True hidden weld alloy bikes

Recently i've been bumping into numerous articles about Trek's new patented "invisible weld technology", some of such articles (and commentators on them) speculating that it might signal a "new age" for aluminium within the bike industry.

Well, lots of brands (Merida and their partner Specialized first come to mind) speak of their smooth weld technology but in reality their welds are certainly not invisible on close look. No foul i guess. They say smooth so that's ok. However looking at Trek's new so called "invisible" welds, while they may even be slightly more smoothed, slightly nearer to hidden than the aforementioned brands, they are still clearly visible on close look so doesn't one have to call Trek out for their invisible claim and name here?

Below is taken from the Trek Website..
"Trek’s advanced Alpha Aluminum frames feature Invisible Weld Technology, a revolutionary welding process that decreases weight and increases structural integrity, while also delivering finely tuned welds that are as aesthetically pleasing as they are strong.

Let’s be honest: Looks matter. A premium road bike requires clean, esteemed aesthetics that are not blemished by sloppy, highly visible weld material at every joint. Invisible Weld Technology produces welds that are just that—invisible"

Hmm. Below again is a link to google images of the Olympia Khers alloy road bike (released around 5 years ago and discontinued last spring) that has 100% true hidden weldings to the point that they leave the frame mistakable as carbon (until you might notice the few traditional weldings in lower areas like bb zone and chainstays). I own the bike and can assure you the pictures don't lie, the welds are totally 100% hidden. Under no light or angle can you see any sign whatsoever of the welds. They have obviously been well and truly buried.

So then, truly invisible welds are nothing new. I'm pretty sure, though not positive, that De Rosa also have had smooth weld alloy frames like the Olympia in the past. In any case i don't think Olympia (who are not even that big or mainstream in Italy today, nevermind outside Italy) have some special corner on the market.

So, why don't more brands do it?

I can't think it's cost prohibitive (again, Olympia are not that big a brand and besides the Khers retailed at only about 750 euro in the entry Xenon Campagnolo build so was hardly an exotic priced bike)
A possible weight penalty was the first thing that popped to my mind (Ironically Trek say their invisible welds save on weight) but given the Khers in size L (second to biggest size) weighed 9.4kg on the scales and had no more than complete entry level components on it (in fact some remarkably heavy) save for Shimano 105 levers and deraileurs, this means that the frame, while not very light category definitely can't be remarkably heavy either (indeed I since got it down to almost 9kg even, merely by adding cheap enough Aksium Elite wheels and switching stem).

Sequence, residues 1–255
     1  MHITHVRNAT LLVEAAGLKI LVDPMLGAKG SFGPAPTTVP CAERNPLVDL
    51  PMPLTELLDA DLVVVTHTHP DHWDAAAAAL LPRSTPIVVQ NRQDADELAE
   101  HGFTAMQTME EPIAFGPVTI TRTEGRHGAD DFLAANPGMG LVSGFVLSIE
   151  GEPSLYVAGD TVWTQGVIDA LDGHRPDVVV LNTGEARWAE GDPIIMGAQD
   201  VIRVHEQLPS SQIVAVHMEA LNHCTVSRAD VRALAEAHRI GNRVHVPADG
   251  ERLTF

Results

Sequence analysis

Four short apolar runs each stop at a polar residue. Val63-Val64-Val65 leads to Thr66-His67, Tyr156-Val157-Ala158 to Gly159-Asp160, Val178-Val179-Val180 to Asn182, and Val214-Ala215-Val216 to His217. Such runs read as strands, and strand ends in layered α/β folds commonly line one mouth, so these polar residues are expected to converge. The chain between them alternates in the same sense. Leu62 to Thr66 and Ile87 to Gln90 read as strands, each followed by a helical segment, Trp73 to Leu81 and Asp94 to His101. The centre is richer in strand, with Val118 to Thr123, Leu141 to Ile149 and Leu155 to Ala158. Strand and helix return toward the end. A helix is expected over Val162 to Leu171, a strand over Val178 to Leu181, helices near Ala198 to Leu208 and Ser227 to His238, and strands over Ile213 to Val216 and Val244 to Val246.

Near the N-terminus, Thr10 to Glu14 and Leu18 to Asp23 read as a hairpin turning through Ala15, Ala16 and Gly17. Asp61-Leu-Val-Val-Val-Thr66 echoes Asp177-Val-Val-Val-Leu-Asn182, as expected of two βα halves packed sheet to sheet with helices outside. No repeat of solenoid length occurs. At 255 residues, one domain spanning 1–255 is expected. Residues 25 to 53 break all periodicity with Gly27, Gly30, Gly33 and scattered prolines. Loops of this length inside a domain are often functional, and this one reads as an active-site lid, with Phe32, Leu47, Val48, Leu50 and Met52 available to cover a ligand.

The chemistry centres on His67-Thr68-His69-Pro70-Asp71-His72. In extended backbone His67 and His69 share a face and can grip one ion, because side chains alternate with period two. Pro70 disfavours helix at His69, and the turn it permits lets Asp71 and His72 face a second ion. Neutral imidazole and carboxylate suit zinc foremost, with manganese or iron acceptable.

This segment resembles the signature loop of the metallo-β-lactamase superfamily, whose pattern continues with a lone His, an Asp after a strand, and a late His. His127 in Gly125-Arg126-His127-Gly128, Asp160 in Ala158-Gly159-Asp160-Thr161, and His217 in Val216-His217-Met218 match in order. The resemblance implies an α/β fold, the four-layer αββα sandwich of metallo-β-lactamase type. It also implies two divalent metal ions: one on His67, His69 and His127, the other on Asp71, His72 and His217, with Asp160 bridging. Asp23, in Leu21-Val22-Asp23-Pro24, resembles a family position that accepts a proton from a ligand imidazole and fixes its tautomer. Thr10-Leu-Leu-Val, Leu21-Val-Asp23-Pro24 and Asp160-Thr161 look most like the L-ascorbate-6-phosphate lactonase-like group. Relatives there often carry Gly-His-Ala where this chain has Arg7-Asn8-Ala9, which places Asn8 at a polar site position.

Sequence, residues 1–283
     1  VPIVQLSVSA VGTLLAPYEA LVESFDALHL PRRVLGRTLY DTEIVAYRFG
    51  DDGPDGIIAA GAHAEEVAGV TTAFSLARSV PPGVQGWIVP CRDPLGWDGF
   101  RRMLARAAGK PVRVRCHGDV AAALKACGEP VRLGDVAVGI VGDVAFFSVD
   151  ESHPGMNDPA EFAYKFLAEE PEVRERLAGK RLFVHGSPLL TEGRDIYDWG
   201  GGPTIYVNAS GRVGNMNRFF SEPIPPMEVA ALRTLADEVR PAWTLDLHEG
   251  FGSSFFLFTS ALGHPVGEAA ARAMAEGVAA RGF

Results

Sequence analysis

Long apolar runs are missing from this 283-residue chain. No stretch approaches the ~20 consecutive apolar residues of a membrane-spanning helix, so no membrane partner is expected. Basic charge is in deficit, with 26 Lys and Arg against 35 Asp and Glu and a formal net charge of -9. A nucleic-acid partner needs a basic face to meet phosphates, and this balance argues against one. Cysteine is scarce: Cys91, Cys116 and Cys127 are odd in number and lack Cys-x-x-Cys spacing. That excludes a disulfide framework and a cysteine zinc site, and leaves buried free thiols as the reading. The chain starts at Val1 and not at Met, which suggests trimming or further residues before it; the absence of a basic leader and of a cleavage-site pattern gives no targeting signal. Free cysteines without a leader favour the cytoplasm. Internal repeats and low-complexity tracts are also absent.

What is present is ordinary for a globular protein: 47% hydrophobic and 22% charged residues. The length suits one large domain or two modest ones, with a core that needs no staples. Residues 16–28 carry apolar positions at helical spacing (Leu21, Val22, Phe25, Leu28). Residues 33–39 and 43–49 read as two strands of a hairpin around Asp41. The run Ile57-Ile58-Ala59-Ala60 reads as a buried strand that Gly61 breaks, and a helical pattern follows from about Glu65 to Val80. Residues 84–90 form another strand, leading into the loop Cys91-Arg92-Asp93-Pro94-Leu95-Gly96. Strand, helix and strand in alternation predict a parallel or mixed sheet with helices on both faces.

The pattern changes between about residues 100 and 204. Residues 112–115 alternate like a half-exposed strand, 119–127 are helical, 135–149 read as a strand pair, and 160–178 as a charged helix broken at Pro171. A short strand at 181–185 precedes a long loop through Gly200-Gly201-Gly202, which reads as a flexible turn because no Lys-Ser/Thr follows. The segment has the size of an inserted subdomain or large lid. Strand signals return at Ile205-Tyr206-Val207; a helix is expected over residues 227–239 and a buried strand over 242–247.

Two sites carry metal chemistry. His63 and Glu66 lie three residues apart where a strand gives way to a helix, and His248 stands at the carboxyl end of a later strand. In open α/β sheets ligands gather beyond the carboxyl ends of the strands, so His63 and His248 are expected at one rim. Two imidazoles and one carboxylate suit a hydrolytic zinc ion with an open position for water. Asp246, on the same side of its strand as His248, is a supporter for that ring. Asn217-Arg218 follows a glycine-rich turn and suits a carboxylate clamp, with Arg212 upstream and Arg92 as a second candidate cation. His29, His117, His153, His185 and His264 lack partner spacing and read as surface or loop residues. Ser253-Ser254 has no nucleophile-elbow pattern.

Third thing to come to mind was whether perhaps completely hidden weldings are considered to have a negative effect on ride quality (and i will readily admit "stiff" is a word that comes to mind if i am to describe the Khers ride quality, even if i have liked that "stiff" because it seems to translate nicely into speed).

Failing these theories, I'm left imagining some far fetched conspiracy within the bike industry where the majority of bike brands have jointly agreed not to source true hidden weld alloy frames for the fact it might negatively impact on carbon bike sales. Or perhaps they intend to all start making them sometime in the future and declare the true "new age of aluminium" is upon us all. I mean we've had Merida and Specialized doing smooth and now we have Trek doing even smoother..

Now the Khers is gone though (and as of now, still yet to be replaced) the only bike brand I know of doing an alloy frame that looks to have true hidden welds (and i'm talking only from seing file pictures here, so i can't be 100% sure) is the Rose Pro SL. If i'm right, it's worth noting the Pro SL is a remarkably light aluminium frame too which would seem to dispel any theory that a weight penalty could be part of why true smooth weld alloy bikes are so rare

I'd love to hear any ideas or insights regarding true hidden weld frames. Why are they so rare? There surely has to be solid reason(s)? To be honest (and i say this as somebody who has a carbon road bike too- also Olympia as it happens) it looks great up to the point when the time comes to buy my next aluminium bike I feel like I'll be annoyed if i can't find one i like with true hidden weldings.

Hmm, maybe the Rose Pro SL, if i like next years colour schemes as that frame is certainly geometrically very nice looking in my opinion.

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